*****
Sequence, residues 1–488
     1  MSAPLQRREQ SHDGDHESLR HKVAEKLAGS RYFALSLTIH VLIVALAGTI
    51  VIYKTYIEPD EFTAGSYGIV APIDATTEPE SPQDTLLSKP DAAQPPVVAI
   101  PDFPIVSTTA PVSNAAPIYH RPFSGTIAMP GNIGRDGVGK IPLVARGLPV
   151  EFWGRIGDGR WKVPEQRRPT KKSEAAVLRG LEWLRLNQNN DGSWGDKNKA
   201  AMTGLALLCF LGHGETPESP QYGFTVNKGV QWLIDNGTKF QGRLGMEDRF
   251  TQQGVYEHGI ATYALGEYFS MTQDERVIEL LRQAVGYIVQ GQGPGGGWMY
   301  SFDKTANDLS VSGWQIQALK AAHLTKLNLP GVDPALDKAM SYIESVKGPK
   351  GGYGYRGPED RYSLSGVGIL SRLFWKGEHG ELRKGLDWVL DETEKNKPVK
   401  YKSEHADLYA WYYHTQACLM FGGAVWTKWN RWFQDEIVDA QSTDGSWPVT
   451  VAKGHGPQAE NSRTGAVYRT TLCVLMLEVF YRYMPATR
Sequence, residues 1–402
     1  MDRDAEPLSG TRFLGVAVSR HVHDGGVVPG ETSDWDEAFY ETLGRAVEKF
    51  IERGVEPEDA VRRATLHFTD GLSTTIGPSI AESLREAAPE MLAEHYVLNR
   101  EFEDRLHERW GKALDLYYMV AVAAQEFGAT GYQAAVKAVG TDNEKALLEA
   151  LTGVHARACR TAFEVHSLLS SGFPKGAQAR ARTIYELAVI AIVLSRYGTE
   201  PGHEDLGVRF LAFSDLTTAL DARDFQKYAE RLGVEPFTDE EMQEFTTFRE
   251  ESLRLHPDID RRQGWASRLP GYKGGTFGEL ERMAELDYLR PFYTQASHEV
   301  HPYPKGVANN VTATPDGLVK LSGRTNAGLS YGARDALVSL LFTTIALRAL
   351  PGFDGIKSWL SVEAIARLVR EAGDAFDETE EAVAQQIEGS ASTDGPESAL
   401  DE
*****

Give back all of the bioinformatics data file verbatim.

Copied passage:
Sequence, residues 1–488
     1  MSAPLQRREQ SHDGDHESLR HKVAEKLAGS RYFALSLTIH VLIVALAGTI
    51  VIYKTYIEPD EFTAGSYGIV APIDATTEPE SPQDTLLSKP DAAQPPVVAI
   101  PDFPIVSTTA PVSNAAPIYH RPFSGTIAMP GNIGRDGVGK IPLVARGLPV
   151  EFWGRIGDGR WKVPEQRRPT KKSEAAVLRG LEWLRLNQNN DGSWGDKNKA
   201  AMTGLALLCF LGHGETPESP QYGFTVNKGV QWLIDNGTKF QGRLGMEDRF
   251  TQQGVYEHGI ATYALGEYFS MTQDERVIEL LRQAVGYIVQ GQGPGGGWMY
   301  SFDKTANDLS VSGWQIQALK AAHLTKLNLP GVDPALDKAM SYIESVKGPK
   351  GGYGYRGPED RYSLSGVGIL SRLFWKGEHG ELRKGLDWVL DETEKNKPVK
   401  YKSEHADLYA WYYHTQACLM FGGAVWTKWN RWFQDEIVDA QSTDGSWPVT
   451  VAKGHGPQAE NSRTGAVYRT TLCVLMLEVF YRYMPATR
Sequence, residues 1–402
     1  MDRDAEPLSG TRFLGVAVSR HVHDGGVVPG ETSDWDEAFY ETLGRAVEKF
    51  IERGVEPEDA VRRATLHFTD GLSTTIGPSI AESLREAAPE MLAEHYVLNR
   101  EFEDRLHERW GKALDLYYMV AVAAQEFGAT GYQAAVKAVG TDNEKALLEA
   151  LTGVHARACR TAFEVHSLLS SGFPKGAQAR ARTIYELAVI AIVLSRYGTE
   201  PGHEDLGVRF LAFSDLTTAL DARDFQKYAE RLGVEPFTDE EMQEFTTFRE
   251  ESLRLHPDID RRQGWASRLP GYKGGTFGEL ERMAELDYLR PFYTQASHEV
   301  HPYPKGVANN VTATPDGLVK LSGRTNAGLS YGARDALVSL LFTTIALRAL
   351  PGFDGIKSWL SVEAIARLVR EAGDAFDETE EAVAQQIEGS ASTDGPESAL
   401  DE